2. I like using Dreamweaver to edit HTML and CSS, so that’s why I like using these scripts. Sigil, etc. are nice for small touch ups to code, but for bigger changes I prefer Dreamweaver.

    My first experience with Springy was that is crashed and corrupted my ePub file. Maybe this is not typical, but it scared me away. Plus it expands just the file you are editing, so pictures in the XHTML file may not be visible in Dreamweaver’s Design view. It just seemed a bit weird to me. I like the idea or it better than the app.

    These scripts are quick & easy to use and free… so enjoy! And many thanks to pdurrant. He did most of the hard work and I took it the last step.

  3. I’ve been using this ePubZip app for quite a few months and LOVE it. Super easy and never had a problem with epub validating. Thanks Dan and pdurrant!

  4. I built something like these as Automator workflows (Control-click an EPUB and choose the workflow to expand the file to a work folder on the desktop, and then Control-click the work folder and choose the other workflow to build the new EPUB), and we included epubcheck in the zipping workflow. A little crude, but effective and much faster than mucking about with the command line.

  5. Wow, how timely with my Tweet today about my zipping/unzipping issues! Thanks for the info. BTW, Terminal isn’t as scary as I thought. But it’s not the fastest way for sure. It’s always fascinating to me to hear about all the different workflows we all have when we’re working on ePubs.

    @BookDesignGirl

  6. Worth noting that these are AppleScript “droplets” (denoted by the arrow on the icon) which means they’re designed to allow you to drag items onto them.

  7. Ah. So here are some suggestions as to how to get around my problem. But I still don’t understand why, when I watch your ecourse, Wrangler and Springy work together, but for me, the two seem to corrupt the epub file so it won’t open.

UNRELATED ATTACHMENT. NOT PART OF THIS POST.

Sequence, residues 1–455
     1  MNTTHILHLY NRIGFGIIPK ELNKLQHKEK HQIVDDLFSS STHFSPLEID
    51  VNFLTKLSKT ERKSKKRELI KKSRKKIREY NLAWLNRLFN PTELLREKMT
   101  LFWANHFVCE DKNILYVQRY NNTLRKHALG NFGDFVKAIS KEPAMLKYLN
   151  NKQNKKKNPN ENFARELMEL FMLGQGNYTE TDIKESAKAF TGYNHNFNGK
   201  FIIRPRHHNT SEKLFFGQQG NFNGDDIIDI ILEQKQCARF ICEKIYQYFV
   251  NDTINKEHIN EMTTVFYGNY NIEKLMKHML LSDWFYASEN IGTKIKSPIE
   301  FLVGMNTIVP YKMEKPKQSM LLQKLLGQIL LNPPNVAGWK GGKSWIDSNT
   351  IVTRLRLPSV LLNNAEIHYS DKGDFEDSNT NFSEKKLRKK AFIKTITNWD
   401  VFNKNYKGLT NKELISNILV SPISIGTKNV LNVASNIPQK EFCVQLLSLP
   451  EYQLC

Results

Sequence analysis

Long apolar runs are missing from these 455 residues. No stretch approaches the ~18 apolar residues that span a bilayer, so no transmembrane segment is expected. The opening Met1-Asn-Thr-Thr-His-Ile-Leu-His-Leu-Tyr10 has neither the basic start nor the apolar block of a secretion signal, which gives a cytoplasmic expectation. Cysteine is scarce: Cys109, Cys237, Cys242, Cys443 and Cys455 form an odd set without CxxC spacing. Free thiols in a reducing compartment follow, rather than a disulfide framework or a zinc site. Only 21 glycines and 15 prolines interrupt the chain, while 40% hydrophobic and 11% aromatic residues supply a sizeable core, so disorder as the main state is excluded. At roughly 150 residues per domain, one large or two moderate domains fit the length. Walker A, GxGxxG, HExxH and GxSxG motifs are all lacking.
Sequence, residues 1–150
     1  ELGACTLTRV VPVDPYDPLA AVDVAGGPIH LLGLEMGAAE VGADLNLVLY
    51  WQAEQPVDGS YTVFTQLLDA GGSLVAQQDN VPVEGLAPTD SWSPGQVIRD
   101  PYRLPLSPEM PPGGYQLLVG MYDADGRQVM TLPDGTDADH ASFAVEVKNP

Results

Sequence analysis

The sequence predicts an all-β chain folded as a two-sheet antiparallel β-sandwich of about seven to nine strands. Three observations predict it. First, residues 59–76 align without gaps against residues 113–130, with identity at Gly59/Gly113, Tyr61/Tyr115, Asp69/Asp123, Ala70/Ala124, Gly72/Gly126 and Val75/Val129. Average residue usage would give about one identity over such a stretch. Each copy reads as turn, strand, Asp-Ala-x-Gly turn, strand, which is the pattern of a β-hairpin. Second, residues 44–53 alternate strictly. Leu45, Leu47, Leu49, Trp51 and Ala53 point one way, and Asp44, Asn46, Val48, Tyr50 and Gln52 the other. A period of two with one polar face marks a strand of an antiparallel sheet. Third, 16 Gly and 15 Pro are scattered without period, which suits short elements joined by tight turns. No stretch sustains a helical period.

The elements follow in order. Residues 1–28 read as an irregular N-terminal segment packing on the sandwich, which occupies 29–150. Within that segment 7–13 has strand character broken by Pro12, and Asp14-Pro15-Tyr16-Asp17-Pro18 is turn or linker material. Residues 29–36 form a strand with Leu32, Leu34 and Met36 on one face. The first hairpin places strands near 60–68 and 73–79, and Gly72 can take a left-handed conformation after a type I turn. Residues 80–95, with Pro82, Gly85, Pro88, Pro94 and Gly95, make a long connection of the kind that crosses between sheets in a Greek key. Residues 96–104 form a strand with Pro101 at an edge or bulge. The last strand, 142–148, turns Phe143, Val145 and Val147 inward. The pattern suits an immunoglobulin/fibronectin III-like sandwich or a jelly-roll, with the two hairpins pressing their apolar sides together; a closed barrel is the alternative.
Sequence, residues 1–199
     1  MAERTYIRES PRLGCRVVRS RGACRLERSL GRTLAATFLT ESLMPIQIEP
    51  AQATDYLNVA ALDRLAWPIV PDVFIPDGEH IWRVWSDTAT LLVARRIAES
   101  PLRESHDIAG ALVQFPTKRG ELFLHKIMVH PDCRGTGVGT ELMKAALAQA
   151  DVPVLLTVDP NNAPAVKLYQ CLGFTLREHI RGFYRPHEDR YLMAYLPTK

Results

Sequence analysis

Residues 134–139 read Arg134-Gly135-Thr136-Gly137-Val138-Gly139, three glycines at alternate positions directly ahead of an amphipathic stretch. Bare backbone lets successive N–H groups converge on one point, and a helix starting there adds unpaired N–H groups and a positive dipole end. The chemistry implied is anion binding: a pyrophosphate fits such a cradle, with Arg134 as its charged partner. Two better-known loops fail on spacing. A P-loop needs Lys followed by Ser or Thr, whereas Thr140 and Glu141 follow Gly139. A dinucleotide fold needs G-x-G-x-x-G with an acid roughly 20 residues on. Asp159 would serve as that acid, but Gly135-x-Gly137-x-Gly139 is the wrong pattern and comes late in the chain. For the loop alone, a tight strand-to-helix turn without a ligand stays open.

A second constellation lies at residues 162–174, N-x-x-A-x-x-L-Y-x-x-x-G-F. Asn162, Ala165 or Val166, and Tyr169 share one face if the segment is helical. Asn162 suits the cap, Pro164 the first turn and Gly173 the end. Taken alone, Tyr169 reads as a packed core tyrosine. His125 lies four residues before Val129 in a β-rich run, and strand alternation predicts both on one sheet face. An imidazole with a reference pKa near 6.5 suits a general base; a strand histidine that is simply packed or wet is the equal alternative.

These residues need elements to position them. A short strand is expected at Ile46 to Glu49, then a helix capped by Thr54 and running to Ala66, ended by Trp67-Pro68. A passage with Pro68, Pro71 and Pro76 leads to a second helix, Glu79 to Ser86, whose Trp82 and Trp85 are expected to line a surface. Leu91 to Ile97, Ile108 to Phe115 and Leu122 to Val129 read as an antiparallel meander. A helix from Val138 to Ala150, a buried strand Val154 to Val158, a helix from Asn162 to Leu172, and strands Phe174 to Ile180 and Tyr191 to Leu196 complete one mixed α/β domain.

8. I’ve been using these scripts for a while now and they’ve been really helpful. I’ve also gotten a lot of use out of the ePubCheck drag-and-drop script. So far it’s been updated for 3.0b4. Works like a charm. It’s also on the Mobile Read Forums.

  9. Just today, I tried to unzip an ePub book from iTunes, and none of the images will open; I get the message that the image is in a file format that isn’t recognized, It may be damaged or use a file format that Preview doesn?t recognize.

    Has anyone else had this experience?

    • I am adding to an old thread, I know. Just to point out another free option, which works on Mac and Windows, and offers drag/drop zip/unzip for EPUB.

      You can download eCanCrusher from the ePubCrawler page:

      http://www.rorohiko.com/epubcrawler

      It also allows you to customize the ‘overwrite’ behavior: i.e. tell it what to do when ‘flip/flopping’ an EPUB, and the ‘old’ file or folder is still ‘in the way’: silently overwrite, overwrite with dialog, rename?